Torres Small backs drug price negotiations by Medicare

U.S. Rep. Xochitl Torres Small, D-N.M., meets with people after a roundtable discussion in Las Cruces Saturday about the need to lower prescription drug costs.

Copyright © 2019 Albuquerque Journal

LAS CRUCES – U.S. Rep Xochitl Torres Small led a roundtable discussion on the urgent need to lower prices of prescription medication on the heels of a vote in the House for legislation that would empower Medicare to negotiate with drug companies.

The discussion at the Doña Ana County Government Center on Saturday included senior citizens, medical professionals and insurance experts such as Carol Blanchard.

“Every year people are desperate for their parents or desperate for themselves,” said Blanchard, who owns an insurance company with her husband, Tom Blanchard, in Silver City.

Blanchard said prices on life-saving drugs like insulin continue to escalate.

“My husband is a diabetic. I know what can happen. It’s heart-wrenching to have people come in and say, ‘Can you help me figure this out,’ ” she said.

Blanchard said she knows people struggling to pay who are using a lower-than-recommended dosage, putting their health at risk.

Other New Mexico seniors cross the border to get more affordable prescription drugs at pharmacies in Mexico.

Irene Lewis, the secretary for the AARP Chapter in Las Cruces, told the roundtable about a 78-year-old retired woman living in Las Cruces who buys prescription eye drops in Mexico for $55 that would cost her $150 at a U.S. pharmacy.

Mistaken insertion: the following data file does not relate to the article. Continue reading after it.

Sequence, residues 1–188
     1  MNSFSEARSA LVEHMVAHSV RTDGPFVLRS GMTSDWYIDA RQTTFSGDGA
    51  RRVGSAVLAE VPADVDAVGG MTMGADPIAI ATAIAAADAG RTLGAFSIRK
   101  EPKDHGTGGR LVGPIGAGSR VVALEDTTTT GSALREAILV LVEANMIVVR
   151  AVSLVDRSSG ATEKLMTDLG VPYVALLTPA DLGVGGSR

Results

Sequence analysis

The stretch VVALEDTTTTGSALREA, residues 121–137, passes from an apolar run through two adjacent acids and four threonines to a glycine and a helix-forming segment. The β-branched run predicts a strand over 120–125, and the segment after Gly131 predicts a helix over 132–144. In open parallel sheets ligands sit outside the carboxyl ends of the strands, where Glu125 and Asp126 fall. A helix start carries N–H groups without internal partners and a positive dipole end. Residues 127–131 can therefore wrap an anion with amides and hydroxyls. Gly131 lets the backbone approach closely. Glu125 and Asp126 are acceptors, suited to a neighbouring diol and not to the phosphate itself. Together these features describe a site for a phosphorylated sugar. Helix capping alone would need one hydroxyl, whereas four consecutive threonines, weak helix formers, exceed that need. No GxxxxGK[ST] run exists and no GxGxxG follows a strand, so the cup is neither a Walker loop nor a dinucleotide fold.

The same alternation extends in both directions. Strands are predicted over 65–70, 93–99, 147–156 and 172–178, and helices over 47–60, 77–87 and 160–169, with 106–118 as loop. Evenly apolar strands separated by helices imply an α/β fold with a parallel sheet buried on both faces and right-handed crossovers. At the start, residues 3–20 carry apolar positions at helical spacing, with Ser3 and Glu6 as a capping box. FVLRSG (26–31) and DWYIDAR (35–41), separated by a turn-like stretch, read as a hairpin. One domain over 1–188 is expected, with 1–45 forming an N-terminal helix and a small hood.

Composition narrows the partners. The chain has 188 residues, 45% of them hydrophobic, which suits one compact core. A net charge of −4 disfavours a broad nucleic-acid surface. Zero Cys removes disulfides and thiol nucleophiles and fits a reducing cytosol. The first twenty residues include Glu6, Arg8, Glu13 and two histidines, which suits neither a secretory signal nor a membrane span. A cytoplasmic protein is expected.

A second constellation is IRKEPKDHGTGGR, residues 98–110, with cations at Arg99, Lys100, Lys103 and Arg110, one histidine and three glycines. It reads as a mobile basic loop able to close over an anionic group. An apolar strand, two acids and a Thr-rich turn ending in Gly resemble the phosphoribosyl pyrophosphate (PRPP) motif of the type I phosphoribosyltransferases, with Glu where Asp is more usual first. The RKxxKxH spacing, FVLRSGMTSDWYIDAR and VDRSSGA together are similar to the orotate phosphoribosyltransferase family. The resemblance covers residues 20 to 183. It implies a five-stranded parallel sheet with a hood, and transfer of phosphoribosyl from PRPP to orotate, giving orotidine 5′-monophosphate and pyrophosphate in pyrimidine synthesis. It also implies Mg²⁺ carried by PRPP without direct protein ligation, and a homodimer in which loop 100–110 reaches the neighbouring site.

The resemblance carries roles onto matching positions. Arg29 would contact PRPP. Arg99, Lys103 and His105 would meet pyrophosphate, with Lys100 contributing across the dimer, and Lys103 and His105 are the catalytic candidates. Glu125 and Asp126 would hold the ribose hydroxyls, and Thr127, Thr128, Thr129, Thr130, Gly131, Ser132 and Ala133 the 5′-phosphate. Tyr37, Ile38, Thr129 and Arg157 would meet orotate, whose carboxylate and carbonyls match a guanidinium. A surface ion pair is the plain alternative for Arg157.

“This trip is taken over nine times a year and she drives 200 miles roundtrip to get there. This saves her and her husband more than $1,200 year,” Lewis said.

But she said the woman is worried that as she ages it will be more difficult to make the drive to Mexico.

Sandy Johnson, a volunteer with the Alzheimer’s Association in Las Cruces, reminded the roundtable participants that high prescription drug costs affect people of all ages. She talked about patients with early on-set Alzheimer’s who lose their health insurance when they can no longer work.

“It’s not just older people that are struggling with these things,” Johnson said. “Childhood diseases that are traumatic can wipe out a family that is just getting started.”

Torres Small, a Democrat who represents the 2nd Congressional District, held the roundtable on the heels of her vote Wednesday to pass the Lower Drug Costs Now Act. The legislation would allow the federal government to negotiate lower costs with pharmaceutical companies on behalf of Medicare beneficiaries, with the hope those with private insurance would also see lower costs.

The savings would be used to expand services to include dental, vision and hearing coverage for seniors on Medicare.

The vote was largely along party lines, with Democrats supporting the bill, which House Speaker Nancy Pelosi has championed.

Republicans object to what they call price controls and are promoting their own more modest bill, which would cap seniors’ out-of-pocket prescription drug costs.

Torres Small acknowledge getting Republican support in the Senate will be tough.

“That’s going to be the challenge, encouraging the Senate to take up this legislation that impacts so many and will dramatically improve lives of Americans across the country,” she said after the roundtable.

“It was an excellent meeting,” DeAnza Valencia, associate state director for AARP in New Mexico, said of the gathering.

The organization, with 250,000 members in New Mexico, is firmly backing the Lower Drug Costs Now Act passed by the House.

“All eyes are turning to the Senate,” Valencia said. “This is AARP’s top priority not only at the federal level but the state level – so AARP is all in.”

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